What is Cerebral Palsy?

Cerebral Palsy is a disability that affects movement and muscle posture or tone. It is caused because of brain damage that happened before the baby was born, at birth, or as a baby. It is not that the whole brain is damaged, only certain parts of it. The damaged parts mainly relate to the ability to control movements. Once the part of the brain is damaged, the parts of the brain do not recover and do not get worse.  

In general, cerebral palsy causes impaired movement associated with abnormal reflexes, floppiness or rigidity of the limbs and trunk, abnormal posture, involuntary movements, unsteady walking, or some combination of these. 

People with cerebral palsy may have difficulty swallowing, strabismus, communication difficulties and may have restricted range of motion and muscle stiffness. In addition, people can suffer with epilepsy, blindness or deafness. 

CP can be very varied. Some people with CP can walk and others cannot and need help, a wheelchair or crutches for example. Some people with CP have relatively few intellectual disabilities, but others have intellectual disabilities.

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Causes of Cerebral Palsy

Cerebral palsy is caused by an abnormality or disruption in brain development, most often before a child is born. In many cases, the cause isn’t known. Factors that can lead to problems with brain development include: 

Causes before birth: 

  • Infections of the mother while she is pregnant. These include German measles (rubella), chicken pox, cytomegalovirus (CMV), and some bacterial infections. 
  • Differences between the blood of mother and child (Rh incompatibility). 
  • Problems of the mother, such as gestational diabetes or toxemia of pregnancy. 
  • Inherited.  
  • No cause can be found in about 30% of the children 

 Causes around the time of birth:  

  • Prematurity.  
  • Birth injuries from difficult births. 
  • Lack of oxygen 

Causes after birth: 

  • Very high fever due to infection or dehydration (water loss from diarrhea).  
  • Brain infections (meningitis, encephalitis), including cerebral malaria and tuberculosis. 
  • Head injuries. 
  • Lack of oxygen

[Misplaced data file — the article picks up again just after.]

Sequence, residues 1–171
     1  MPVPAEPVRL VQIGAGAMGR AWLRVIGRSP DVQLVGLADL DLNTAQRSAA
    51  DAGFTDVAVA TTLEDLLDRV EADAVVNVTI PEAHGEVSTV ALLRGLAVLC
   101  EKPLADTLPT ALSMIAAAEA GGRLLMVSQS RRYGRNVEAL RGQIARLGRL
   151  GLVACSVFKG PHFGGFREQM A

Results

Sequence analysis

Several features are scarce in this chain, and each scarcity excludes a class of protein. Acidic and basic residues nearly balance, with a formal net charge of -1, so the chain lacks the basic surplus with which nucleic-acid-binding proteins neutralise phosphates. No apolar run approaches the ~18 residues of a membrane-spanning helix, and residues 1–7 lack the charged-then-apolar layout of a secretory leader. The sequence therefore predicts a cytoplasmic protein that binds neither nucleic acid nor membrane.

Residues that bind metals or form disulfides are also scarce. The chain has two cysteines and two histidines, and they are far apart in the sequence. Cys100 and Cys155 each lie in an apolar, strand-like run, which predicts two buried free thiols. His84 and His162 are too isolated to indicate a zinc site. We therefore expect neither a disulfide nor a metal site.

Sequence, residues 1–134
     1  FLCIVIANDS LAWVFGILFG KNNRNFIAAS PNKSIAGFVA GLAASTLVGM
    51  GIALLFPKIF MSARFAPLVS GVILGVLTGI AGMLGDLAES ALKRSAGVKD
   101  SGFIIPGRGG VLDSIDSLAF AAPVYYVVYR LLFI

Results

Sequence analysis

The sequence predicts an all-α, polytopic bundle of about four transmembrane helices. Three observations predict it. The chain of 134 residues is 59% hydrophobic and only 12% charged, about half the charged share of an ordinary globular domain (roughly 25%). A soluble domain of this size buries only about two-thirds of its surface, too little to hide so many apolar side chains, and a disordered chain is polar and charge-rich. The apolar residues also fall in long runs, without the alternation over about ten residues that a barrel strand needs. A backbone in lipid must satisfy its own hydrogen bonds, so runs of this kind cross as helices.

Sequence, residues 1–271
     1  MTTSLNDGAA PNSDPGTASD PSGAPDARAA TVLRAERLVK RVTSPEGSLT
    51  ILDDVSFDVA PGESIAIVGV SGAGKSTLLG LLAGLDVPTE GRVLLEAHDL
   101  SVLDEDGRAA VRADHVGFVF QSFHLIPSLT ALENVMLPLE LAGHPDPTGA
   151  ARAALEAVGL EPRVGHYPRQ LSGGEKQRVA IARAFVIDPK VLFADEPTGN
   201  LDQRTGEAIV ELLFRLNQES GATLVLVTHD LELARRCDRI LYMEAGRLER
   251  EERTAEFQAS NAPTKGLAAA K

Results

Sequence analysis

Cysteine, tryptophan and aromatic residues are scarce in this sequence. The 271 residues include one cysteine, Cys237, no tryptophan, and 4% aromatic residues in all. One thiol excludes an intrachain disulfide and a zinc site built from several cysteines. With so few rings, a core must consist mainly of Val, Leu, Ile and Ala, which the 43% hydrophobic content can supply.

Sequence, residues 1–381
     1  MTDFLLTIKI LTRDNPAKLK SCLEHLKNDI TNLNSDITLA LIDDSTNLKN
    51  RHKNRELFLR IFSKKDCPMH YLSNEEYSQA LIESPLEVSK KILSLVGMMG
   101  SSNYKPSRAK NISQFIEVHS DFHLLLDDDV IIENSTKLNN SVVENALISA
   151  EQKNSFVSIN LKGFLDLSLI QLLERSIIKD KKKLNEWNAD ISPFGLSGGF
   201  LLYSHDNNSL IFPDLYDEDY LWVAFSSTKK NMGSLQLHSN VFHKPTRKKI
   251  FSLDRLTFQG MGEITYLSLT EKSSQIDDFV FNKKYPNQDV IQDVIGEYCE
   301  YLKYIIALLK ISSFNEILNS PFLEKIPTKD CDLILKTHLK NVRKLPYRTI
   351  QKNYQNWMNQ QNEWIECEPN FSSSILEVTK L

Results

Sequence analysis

• Poisoning  
  • Bleeding or blood clots in the brain, mostly unknown cause. 
  • Brain tumor. 

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Different levels of Cerebral Palsy

There is a classification system for the gross motor functional possibilities. The parts sitting, walking, and wheeled mobility are included. Called: Coarse Motor Performance Classification System (GMFCS). The GMFCS has 5 classes, from I (least affected) to V (most affected). See the schedule below:

Description per level

MFCS Level I 
Walking at home, at school, outside and in the community is going well.Children can climb stairs without using a handrail. Children run and jump, but speed, balance and coordination are limited. 

Children can usually walk independently and can climb stairs, for this they must hold on to a railing. They have difficulty walking long distances, balancing on uneven terrain, slopes. It gets worse when the child is in a busy area or confined space. For long distances, children use physical assistance, a tool for mobile mobility or mobile mobility. The gross motor is minimal, such as running and jumping. 

The children walk indoors with an aid to support mobility. With assistance the children can climb stairs, for this they must hold on to a railing. Children use a walking frame at short distances and a wheelchair for traveling at a long distance. 

Children need help and use mobility methods. Children often need physical assistance or a body support walker when in position.At school, outside and in the community, children are transported in a manual wheelchair or with electric mobility.  

GMFCS Level V 
These children are wheelchair dependent. Head and torso postures and gravity movements are limited and they have difficulty controlling leg and arm movements. 

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The graph shows the motor development by age, according to the Gross Motor Function Measure (GMFM-66). The GMFM-66 is a screening tool to determine gross motor functioning in children with CP. As you can read in the graph is that a child in level 1 has a grove-meteorological development longer than a child in level 5. A child in level 5, the top is then reached earlier. From the age of 7-8 it can be concluded that the coarse-metric development stabilizes.

We realize that this video was not made in an African setting, but is explains the GMFCS very well.